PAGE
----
The third week of our final season ended in a fashion typical of final days at Maqatir over the past few years. Silos, underground networks of tunnels, mosaic floors, and coins from a variety of eras all came to light in the last few days of our dig season. While we still have the winter dig to complete before Maqatir will be in the "history books," Maqatir continued to yield its secrets in our third week.
In Square Q25 during week three, Abigail Levitt’s team continued to clarify walls and clear bedrock. They excavated two silos, with two openings connecting the two silos. The first silo, while clearly first century in style, produced mainly Late Bronze and Iron Age pottery. The second silo produced LH/ER pottery and many coins. Abigail and her workers also excavated a stairwell leading to a tunnel.
Photo in Abigail's square where digging into the floor revealed a staircase going down into a tunnel. This tunnel goes under the bedrock and comes out the other end where a second staircase was found. Photo: Michael Luddeni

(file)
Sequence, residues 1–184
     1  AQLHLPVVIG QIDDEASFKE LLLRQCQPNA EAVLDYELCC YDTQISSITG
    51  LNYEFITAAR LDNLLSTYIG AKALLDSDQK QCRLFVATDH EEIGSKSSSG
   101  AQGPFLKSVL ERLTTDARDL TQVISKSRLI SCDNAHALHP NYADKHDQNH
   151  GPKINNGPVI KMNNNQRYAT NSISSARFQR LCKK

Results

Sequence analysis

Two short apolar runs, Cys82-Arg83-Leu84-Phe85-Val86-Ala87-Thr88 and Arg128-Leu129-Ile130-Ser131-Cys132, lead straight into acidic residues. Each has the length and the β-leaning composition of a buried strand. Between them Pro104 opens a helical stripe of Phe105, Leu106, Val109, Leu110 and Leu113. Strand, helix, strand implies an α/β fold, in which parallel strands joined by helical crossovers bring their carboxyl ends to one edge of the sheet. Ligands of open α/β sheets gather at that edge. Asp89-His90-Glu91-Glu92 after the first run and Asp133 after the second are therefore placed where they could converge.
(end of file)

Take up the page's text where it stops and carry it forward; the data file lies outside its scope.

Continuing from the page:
Looking through the tunnel toward square doorway at other end. Photo: Michael Luddeni
Looking though the open tunnel after clearing the square doorway. Photo: Michael Luddeni
The second flight of stairs also led to a second arched tunnel leading to what appears to be a silo opening to the large structure to the northwest of this square. It seems that the first tunnel was blocked up at some point in time after its construction with a wall at the half-way point. The southern half of the walled-up tunnel and the southern stairway were plastered, the northern half of the tunnel and the northern stairway were not plastered. The purpose of this tunnel system remains unclear. It is possible that the southern half was repurposed to be used as a mikveh.
Looking down the second flight of stairs to the junction of two tunnels. Photo: Michael Luddeni
Another view of the tunnel junction after clearing was completed. Photo: Michael Luddeni